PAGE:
Frequently Asked Questions
- How does the U.S. National Ice Center (NIC) determine how much ice is in the polar regions?
- The remoteness of the Polar Regions limits the amount of direct observation of sea ice. Hence, more than 95% of the data used in sea ice analyses are derived from the remote sensors on polar-orbiting satellites. Sea ice analyses and forecasts are primarily prepared using satellite imagery and ice reconnaissance.
- What areas does NIC cover?
- NIC provides worldwide operational sea ice analyses and forecasts. NIC produces these analyses and forecasts of Arctic, Antarctic, Great Lakes, and Chesapeake Bay ice conditions to support customers with global, regional, and tactical scale interests.
- How small can an iceberg be?
- To be classified as an iceberg, the ice must originate from glaciers or shelf ice. The height must be greater than 5 meters above sea-level, the thickness must be 30-50 meters, and the area must cover at least 500 square meters. There are smaller pieces of ice known as bergy bits and growlers. Bergy bits and growlers can originate from glaciers or shelf ice, and may also be the result of a large iceberg that has broken up. A bergy bit is classified as a medium to large fragment of ice. Its height is generally greater than 1 meter but less than 5 meters above sea-level and its area is normally about 100-300 square meters. Growlers are smaller fragments of ice and are roughly the size of a truck or grand piano. They are often transparent but can appear green or black in color. They extend less than 1 meter above the sea surface and occupy an area of about 20 square meters.
- When was U.S. National Ice Center established?
- The National Ice Center was established in 1995, when the U.S. Coast Guard joined the Navy/National Oceanic and Atmospheric Administration (NOAA) Joint Ice Center.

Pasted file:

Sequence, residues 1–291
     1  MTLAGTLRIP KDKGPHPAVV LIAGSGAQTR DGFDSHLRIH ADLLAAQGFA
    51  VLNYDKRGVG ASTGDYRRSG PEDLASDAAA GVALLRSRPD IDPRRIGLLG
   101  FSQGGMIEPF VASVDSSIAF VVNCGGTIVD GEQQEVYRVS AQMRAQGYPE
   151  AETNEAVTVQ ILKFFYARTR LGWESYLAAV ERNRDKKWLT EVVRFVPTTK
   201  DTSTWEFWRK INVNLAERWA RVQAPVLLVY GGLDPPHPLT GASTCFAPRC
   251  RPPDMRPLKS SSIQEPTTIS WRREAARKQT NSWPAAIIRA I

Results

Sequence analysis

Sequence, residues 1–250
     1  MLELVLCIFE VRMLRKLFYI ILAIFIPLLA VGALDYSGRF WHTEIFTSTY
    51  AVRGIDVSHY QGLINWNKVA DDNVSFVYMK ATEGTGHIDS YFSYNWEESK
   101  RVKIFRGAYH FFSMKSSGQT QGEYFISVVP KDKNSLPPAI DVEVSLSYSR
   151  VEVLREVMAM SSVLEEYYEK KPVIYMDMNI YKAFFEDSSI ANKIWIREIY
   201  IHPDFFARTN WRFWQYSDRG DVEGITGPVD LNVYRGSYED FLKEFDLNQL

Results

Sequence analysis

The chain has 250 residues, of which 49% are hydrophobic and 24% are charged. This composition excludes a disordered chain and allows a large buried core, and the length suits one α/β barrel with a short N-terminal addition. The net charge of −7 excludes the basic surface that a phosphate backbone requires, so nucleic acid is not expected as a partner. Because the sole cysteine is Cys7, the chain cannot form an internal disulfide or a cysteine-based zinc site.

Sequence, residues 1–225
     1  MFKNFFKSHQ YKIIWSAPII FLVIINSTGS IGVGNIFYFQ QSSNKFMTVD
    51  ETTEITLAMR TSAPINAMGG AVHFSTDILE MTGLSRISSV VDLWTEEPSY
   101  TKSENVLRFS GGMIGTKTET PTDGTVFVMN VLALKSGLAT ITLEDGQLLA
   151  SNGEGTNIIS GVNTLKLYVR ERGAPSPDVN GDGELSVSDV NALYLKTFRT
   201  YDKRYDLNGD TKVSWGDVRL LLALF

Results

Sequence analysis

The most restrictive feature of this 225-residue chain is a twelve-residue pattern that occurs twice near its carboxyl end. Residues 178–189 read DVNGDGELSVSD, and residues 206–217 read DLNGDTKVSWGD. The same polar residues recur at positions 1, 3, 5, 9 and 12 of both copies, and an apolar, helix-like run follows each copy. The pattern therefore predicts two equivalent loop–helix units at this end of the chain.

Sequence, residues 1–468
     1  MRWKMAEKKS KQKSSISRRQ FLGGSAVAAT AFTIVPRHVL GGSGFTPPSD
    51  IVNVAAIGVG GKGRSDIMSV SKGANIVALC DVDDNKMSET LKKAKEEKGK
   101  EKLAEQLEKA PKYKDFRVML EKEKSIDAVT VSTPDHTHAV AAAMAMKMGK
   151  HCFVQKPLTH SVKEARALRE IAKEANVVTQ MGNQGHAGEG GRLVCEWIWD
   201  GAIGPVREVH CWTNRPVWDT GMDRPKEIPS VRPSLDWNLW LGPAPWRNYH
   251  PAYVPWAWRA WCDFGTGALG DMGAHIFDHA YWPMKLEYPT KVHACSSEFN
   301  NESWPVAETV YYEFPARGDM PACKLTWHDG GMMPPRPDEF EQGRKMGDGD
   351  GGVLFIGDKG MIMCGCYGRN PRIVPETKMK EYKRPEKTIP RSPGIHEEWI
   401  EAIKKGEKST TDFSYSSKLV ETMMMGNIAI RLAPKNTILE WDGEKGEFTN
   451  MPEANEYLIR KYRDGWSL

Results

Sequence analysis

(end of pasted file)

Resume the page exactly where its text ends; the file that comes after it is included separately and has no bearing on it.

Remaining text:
- Why are you called the U.S. National Ice Center?
- The U.S. National Ice Center was established as an interagency comprised of three components: the Naval Ice Center, NOAA, and the U.S. Coast Guard.
- What is the egg code?
- The World Meteorology Organization (WMO) system for sea ice symbology is frequently referred to as the "Egg Code" due to the oval shape of the symbol.
- How do you interpret the egg code on the charts?
- The egg code on the ice charts defines the concentration, stage of development, and forms of ice. Refer to the following links for more information: Egg Code and SIGRID.
- How often is the iceberg database updated?
- The iceberg database, which includes icebergs only in the southern hemisphere, is updated weekly. The NIC is the only organization that names and tracks all Antarctic Icebergs.
- Does the U.S. National Ice Center do any research on Global Warming?
- No. The primary mission of the NIC is to provide strategic, tactical, and operational ice products and services to meet requirements of U.S. national interests and U. S. government agencies. Our products, available on the World Wide Web, are used by outside organizations to derive or interpret information of scientific value.
- What is the International Ice Patrol and why was it formed?
The mission of the International Ice Patrol is to monitor iceberg dangers near the Grand Banks of Newfoundland and provide the limits of all known ice to the maritime community. While icebergs are a constant navigational hazard in the Arctic, the cold Labrador Current carries some of them south to the vicinity of the Grand Banks and into the great circle shipping lanes between Europe and the major ports of the United States and Canada. Vessels transiting this area try to make their voyage as short and as economical as possible. Therefore, ships in the vicinity of the "limits of all known ice" normally will pass just to the south of this boundary. Vessels passing through the Ice Patrolís published ice limit run the risk of a collision with an iceberg. In this area, the Labrador Current meets the warm Gulf Stream and the temperature differences between the two water masses can reach up to 20 degrees Celsius, which may result in dense fog. The combination of icebergs, fog, severe storms, fishing vessels, and busy Trans-Atlantic shipping lanes makes this area one of the most dangerous to navigate through. This fact was grimly brought to light with the sinking of the R.M.S. TITANIC in 1912, after it struck an iceberg and approximately 1,517 passengers and crew perished.
Source: The International Ice Patrol - http://www.navcen.uscg.gov/?pageName=IIPHome